, while grammatical structures come from the substrate, but this is not always the case.


Dialect

A dialect is a
variety Variety may refer to: Science and technology Mathematics * Algebraic variety, the set of solutions of a system of polynomial equations * Variety (universal algebra), classes of algebraic structures defined by equations in universal algebra Hort ...
of
language A language is a structured system of communication used by humans, including speech (spoken language), gestures (Signed language, sign language) and writing. Most languages have a writing system composed of glyphs to inscribe the original soun ...

language
that is characteristic of a particular group among the language's speakers. The group of people who are the speakers of a dialect are usually bound to each other by social identity. This is what differentiates a dialect from a
register A register is an authoritative list of one kind of information. Register or registration may refer to: Arts entertainment, and media Music * Register (music), the relative "height" or range of a note, melody, part, instrument, etc. * ''Regis ...
or a
discourse Discourse is a generalization of the notion of a conversation to any form of communication. Discourse is a major topic in social theory, with work spanning fields such as sociology, anthropology, continental philosophy, and discourse analysis. Fo ...
, where in the latter case, cultural identity does not always play a role. Dialects are speech varieties that have their own grammatical and phonological rules, linguistic features, and stylistic aspects, but have not been given an official status as a language. Dialects often move on to gain the status of a language due to political and social reasons. Other times, dialects remain marginalized, particularly when they are associated with marginalized social groups. Differentiation amongst dialects (and subsequently, languages) is based upon the use of grammatical rules, syntactic rules, and stylistic features, though not always on lexical use or vocabulary. The popular saying that " a language is a dialect with an army and navy" is attributed as a definition formulated by
Max Weinreich Max Weinreich (russian: Мейер Лазаревич Вайнрайх, ''Meyer Lazarevich Vaynraykh''; 22 April 1894 – 29 January 1969) was a Russian Jewish The history of the Jews Jews ( he, יְהוּדִים ISO 259-2 , Israeli pr ...
.


Standard language

When a dialect is documented sufficiently through the linguistic description of its grammar, which has emerged through the consensual laws from within its community, it gains political and national recognition through a country or region's policies. That is the stage when a language is considered a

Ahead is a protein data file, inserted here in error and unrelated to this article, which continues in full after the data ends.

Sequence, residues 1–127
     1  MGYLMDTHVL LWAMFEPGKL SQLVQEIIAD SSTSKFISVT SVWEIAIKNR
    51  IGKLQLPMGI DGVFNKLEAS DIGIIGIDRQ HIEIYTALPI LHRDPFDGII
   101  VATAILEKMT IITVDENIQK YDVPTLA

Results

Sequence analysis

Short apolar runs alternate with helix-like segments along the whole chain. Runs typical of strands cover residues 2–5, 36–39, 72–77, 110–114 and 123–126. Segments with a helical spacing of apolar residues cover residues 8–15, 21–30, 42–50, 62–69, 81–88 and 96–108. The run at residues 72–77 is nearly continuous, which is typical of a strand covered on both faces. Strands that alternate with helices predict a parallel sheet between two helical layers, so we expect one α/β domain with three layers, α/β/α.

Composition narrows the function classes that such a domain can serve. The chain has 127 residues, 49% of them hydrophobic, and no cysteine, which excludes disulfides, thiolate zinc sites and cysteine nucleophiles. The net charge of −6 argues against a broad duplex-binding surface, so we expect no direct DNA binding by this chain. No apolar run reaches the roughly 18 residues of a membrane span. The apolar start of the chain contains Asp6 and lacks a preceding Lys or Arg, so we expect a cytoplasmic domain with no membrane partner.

standard variety A standard language (also standard variety, standard dialect, and standard) is a language variety that has undergone substantial codification of grammar and usage and is employed by a population for public communication. The term ''standard langua ...
, one whose grammatical laws have now stabilised from within the consent of
speech community Arnold Lakhovsky, ''The Conversation'' (circa 1935) A speech community is a group of people who share a set of linguistic norms and expectations regarding the use of language. It is a concept mostly associated with sociolinguistics Sociolingui ...
participants, after sufficient evolution, improvisation, correction, and growth. The English language, besides perhaps the French language, may be examples of languages that have arrived at a stage where they are said to have become standard varieties.


Relativity

As constructed popularly through the
Sapir–Whorf hypothesis The hypothesis of linguistic relativity, also known as the Sapir–Whorf hypothesis , the Whorf hypothesis, or Whorfianism, is a principle suggesting that the structure of a language A language is a structured system of communication used b ...
, relativists believe that the structure of a particular language is capable of influencing the cognitive patterns through which a person shapes his or her
world view upright=1.8, Religious practices will tie closely to a religion's worldview. A worldview or world-view is the fundamental cognitive orientation of an individual or society encompassing the whole of the individual's or society's knowledge and ...